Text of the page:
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    I pretty much agree with what everyone else has been saying. Look for something positive to say unless they are honestly looking for constructive criticism. Then, being a teacher too, I would sandwich that in between positive comments.

    Heres how that works as a teacher.

    " Johnny you have a wonderful imagination. I see though that you need to write neater and do a spell check on your paper next time. You know Johnny if you retype/rewrite this paper for me I would like to put this on the bulletin board so people can see how to use their imagination."

    (cause you would be surprised at how many of the kids I work with are lacking in imagination. )


  14. #14
    Super Member Minda's Avatar
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    I think sometimes we show our quilts so people can see how hard we've worked and how much time we've put into them. We just want to share it with someone who appreciates how much of ourselves goes into making a quilt. We don't want to be critiqued - we just want to be appreciated. In those instances, I try to find something positive to say. I don't think I've ever seen a quilt that I couldn't find something positive to say about it.

    On the other hand, if I want someone to critique my work, I ask for an honest opinion from someone that I trust to give me just that. If someone asks me for my opinion, I give it truthfully, but try to be positive and encouraging.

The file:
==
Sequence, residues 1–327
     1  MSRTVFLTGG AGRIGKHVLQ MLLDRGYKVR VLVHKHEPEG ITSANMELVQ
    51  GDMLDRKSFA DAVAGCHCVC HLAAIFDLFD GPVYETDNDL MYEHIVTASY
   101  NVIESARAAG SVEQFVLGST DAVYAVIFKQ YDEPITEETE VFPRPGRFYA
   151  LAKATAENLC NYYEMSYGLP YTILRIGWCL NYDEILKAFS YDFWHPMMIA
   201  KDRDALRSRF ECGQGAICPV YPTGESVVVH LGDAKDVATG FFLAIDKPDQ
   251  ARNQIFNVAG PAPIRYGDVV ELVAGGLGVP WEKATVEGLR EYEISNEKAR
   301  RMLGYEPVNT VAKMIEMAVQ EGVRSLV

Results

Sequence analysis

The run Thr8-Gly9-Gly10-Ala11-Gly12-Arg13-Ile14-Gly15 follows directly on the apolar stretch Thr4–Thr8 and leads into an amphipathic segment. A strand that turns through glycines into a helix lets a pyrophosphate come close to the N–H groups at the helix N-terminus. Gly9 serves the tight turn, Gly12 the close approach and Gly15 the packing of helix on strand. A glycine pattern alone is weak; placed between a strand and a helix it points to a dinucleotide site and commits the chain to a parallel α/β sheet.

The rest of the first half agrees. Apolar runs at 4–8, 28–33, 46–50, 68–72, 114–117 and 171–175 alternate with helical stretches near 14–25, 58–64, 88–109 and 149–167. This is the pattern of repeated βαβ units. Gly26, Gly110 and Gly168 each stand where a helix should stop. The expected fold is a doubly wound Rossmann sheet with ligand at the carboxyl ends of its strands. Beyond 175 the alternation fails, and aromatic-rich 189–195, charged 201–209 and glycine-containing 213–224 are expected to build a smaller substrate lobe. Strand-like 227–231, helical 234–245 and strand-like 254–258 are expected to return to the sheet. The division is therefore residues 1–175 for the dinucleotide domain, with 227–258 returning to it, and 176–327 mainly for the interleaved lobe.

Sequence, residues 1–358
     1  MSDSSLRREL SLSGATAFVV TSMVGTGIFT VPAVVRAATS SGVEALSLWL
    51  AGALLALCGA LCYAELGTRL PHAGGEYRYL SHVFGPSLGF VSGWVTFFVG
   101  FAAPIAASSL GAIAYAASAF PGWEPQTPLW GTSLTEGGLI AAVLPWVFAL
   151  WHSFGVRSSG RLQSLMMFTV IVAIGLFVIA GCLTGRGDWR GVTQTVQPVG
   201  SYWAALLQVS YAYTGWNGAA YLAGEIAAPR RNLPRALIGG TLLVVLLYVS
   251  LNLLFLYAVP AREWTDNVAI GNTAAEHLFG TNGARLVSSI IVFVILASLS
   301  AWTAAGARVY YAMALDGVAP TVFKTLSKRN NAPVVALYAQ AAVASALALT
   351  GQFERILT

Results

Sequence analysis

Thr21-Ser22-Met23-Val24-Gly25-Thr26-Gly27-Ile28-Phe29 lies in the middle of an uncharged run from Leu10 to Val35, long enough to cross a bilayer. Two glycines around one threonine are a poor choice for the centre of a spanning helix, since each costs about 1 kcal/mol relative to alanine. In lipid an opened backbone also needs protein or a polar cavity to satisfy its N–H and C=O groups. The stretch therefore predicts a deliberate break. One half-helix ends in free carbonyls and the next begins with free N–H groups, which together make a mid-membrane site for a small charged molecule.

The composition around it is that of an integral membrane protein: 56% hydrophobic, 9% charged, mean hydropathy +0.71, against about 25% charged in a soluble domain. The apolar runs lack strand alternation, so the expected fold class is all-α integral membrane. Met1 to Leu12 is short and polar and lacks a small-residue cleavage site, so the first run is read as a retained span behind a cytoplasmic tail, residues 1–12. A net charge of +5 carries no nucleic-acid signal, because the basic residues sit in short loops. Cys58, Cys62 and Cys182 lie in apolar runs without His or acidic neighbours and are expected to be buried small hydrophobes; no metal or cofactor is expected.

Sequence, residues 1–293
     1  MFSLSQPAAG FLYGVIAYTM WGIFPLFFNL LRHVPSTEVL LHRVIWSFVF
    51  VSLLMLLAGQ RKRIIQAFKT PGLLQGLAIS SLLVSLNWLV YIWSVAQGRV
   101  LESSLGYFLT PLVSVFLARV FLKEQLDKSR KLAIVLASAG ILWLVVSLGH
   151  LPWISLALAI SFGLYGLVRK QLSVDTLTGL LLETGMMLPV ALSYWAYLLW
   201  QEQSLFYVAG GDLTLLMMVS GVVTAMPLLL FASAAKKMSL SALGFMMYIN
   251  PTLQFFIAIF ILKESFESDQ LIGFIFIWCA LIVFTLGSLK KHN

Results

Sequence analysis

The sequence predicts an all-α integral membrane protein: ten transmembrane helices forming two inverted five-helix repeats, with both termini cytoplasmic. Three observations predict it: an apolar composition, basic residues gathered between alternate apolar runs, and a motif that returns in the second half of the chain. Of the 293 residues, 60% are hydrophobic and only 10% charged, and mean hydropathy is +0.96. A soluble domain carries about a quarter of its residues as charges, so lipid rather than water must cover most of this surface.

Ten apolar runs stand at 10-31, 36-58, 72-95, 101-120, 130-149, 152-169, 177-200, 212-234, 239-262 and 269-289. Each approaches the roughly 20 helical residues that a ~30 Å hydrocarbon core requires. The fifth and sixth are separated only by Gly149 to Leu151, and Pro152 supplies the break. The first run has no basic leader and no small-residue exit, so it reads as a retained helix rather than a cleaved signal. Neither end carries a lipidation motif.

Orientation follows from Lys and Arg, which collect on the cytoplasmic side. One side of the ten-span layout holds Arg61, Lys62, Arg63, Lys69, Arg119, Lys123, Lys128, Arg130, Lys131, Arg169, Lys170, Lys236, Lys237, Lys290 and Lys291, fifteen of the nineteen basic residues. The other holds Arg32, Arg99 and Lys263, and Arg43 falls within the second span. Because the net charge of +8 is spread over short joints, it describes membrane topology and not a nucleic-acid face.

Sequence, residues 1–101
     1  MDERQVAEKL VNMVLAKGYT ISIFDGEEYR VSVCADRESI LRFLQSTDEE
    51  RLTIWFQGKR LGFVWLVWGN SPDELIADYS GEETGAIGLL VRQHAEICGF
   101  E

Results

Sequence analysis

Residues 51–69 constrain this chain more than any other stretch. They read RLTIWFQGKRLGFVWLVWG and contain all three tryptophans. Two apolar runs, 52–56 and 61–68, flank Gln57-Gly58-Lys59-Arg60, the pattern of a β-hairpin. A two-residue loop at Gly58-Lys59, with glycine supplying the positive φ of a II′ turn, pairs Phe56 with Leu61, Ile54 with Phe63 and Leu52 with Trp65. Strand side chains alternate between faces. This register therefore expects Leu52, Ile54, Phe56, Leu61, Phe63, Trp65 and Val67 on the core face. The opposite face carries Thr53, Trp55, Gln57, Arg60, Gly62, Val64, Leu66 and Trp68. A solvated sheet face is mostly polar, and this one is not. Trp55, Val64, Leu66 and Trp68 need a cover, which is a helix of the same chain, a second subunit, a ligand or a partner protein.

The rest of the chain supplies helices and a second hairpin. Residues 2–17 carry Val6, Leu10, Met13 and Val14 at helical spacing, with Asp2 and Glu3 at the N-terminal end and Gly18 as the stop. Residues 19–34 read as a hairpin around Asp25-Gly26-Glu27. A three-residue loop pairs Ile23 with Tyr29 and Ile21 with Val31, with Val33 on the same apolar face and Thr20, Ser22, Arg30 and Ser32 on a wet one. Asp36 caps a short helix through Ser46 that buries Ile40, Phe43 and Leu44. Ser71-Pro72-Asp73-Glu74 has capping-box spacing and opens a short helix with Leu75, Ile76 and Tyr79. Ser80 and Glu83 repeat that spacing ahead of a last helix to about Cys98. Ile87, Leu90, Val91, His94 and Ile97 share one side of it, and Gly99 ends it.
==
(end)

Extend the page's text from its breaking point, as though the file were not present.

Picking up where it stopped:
Always remember that many times what we may not like about a quilt is personal opinion, not right or wrong.


  15. #15
    Super Member Moonpi's Avatar
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    Quote Originally Posted by henryparrish76
    I
    " Johnny you have a wonderful imagination. I see though that you need to write neater and do a spell check on your paper next time. You know Johnny if you retype/rewrite this paper for me I would like to put this on the bulletin board so people can see how to use their imagination."

    (cause you would be surprised at how many of the kids I work with are lacking in imagination. )
    Yes, back in the olden days we actually had spelling and vocabulary tests. It was expected that part of our schooling was basic literacy. Without that, everything else loses value. As for lack of imagination, it is like a muscle that needs stretching to develop. If they are allowed to live by someone else's vision, they will become boring and easily bored adults. I'm glad to see you encourage that life skill.

  16. #16
    lisae's Avatar
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    I've made quilts I don't like. I see quilts I don't like, but luckily a comment isn't always expected.

    If someone asks me for a critique, I won't hold back but will give my opinion on how I would have solved the problem, ie 'you know, I might have..' I don't think it is necessary to insult someone's work to critique it.

    If someone shows me a quilt to admire, I find something to admire.

  17. #17
    Super Member MissTreated's Avatar